Employment law and insolvency law can sometimes have a strained relationship, particularly when laws safeguarding employee rights find themselves in conflict with an insolvency practitioner’s duty to act in the interests of all the creditors (as opposed to any one group). But the case of Palmer vs Northern Derbyshire Magistrates’ Court should be heeded by insolvency practitioners since it confirms they can be criminally liable for not notifying the secretary of state about proposed redundancies.

This blog considers Palmer, why the court reached the conclusions it did and its implications for insolvency practitioners particularly in situations where there is insufficient time between appointment and making redundancies to give the required notice.

The facts

Mr Forsey was the sole director of USC, a company ultimately owned by Sports Direct. A notice of intention to appoint was filed on 6 January 2015. Between then and 11 January 2015, USC removed fixtures, fittings and equipment from a warehouse it operated in Dundonald.

On 13 January administrators were appointed. Mr Palmer’s remit as joint administrator included dealing with the employees. The business and assets were sold to another company in the Sports Direct group whom Mr Forsey was a director on the day of appointment, but which excluded the business and operations of the Dundonald warehouse. On 14 January, employees at the Dundonald warehouse were given notice of the proposed redundancies. Just minutes later they were then handed a dismissal letter.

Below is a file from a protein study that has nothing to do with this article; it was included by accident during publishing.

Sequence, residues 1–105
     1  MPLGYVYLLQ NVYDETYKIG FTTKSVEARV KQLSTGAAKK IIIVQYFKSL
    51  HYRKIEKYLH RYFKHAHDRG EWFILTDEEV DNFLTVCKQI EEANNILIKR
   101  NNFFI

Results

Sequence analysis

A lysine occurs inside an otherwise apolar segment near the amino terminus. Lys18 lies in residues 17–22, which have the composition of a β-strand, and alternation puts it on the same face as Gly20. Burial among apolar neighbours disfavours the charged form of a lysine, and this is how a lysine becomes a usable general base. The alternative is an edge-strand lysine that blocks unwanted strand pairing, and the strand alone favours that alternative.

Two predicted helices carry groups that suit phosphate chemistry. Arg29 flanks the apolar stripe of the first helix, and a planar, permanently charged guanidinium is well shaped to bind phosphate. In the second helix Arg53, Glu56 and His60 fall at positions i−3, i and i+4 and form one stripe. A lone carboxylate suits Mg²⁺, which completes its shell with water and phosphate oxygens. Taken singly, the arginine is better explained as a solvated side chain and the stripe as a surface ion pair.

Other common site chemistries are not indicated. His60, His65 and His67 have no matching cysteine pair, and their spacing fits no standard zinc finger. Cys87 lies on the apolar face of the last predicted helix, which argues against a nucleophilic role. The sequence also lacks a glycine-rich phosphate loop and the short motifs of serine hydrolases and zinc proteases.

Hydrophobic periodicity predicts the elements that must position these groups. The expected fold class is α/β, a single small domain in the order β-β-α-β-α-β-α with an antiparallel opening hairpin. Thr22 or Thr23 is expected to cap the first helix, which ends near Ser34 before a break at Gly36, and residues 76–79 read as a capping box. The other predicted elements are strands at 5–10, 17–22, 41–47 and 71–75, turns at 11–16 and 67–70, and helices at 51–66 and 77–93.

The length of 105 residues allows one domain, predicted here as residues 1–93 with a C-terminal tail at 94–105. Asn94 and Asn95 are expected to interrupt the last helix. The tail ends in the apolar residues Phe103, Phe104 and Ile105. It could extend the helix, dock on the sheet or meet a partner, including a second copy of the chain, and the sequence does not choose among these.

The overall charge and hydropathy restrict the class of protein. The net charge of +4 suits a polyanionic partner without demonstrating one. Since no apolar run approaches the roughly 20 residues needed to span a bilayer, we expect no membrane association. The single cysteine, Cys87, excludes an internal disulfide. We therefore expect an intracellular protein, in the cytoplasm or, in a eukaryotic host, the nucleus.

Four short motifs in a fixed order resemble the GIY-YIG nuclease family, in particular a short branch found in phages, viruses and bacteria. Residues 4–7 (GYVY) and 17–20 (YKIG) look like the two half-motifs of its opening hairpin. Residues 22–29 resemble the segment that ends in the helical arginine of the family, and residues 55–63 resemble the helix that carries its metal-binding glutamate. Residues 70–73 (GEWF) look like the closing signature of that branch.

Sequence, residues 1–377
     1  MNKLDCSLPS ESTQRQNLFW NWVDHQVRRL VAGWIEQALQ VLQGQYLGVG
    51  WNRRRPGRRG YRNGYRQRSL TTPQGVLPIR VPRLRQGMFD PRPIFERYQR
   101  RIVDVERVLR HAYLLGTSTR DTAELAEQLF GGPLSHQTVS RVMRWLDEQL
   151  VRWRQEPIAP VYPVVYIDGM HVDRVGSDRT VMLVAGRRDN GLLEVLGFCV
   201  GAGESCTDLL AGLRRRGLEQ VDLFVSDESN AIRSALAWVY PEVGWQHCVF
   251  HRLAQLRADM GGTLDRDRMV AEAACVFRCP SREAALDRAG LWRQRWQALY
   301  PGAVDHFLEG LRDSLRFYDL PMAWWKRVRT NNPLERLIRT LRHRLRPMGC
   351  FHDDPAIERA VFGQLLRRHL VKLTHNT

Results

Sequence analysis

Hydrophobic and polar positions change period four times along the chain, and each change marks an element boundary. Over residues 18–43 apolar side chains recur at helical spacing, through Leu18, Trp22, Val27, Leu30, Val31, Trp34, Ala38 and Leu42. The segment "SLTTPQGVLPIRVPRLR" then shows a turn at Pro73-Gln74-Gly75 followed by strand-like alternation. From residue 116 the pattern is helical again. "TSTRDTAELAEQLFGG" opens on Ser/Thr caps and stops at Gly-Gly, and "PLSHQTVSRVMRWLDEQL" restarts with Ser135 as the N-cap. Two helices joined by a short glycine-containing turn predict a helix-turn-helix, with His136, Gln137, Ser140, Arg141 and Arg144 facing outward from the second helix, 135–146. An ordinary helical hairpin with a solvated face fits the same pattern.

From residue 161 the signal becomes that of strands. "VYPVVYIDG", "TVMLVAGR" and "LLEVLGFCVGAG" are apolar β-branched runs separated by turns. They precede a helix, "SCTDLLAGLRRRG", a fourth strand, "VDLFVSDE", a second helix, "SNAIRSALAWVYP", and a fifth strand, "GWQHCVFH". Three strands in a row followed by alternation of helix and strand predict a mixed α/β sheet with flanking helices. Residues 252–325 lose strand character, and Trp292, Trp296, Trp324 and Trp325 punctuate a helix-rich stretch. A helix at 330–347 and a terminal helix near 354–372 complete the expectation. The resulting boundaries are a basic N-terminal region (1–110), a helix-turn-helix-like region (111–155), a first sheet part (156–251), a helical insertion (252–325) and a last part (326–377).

Mr Forsey had not completed the HR1 notification to the secretary of state even when the warehouse was being stripped and it was clear operations would cease from the site. On appointment Mr Palmer did not make the notification either. He sent in the form after being prompted by the Redundancy Payments Service and it was received on 4 February. The form was dated 14 January and he advised it was substantially completed on that date but finalising and sending it had been overlooked.

The law

Section 193(2) of Trade Union and Labour Relations (Consolidation) Act 1992 (“TULRCA”) states that an employer proposing to dismiss as redundant 20 or more employees at one establishment within such a period shall notify the Secretary of State, in writing, of his proposal:

(a) before giving notice to terminate an employee’s contract of employment in respect of any of those dismissals, and

(b) at least 30 days before the first of those dismissals takes effect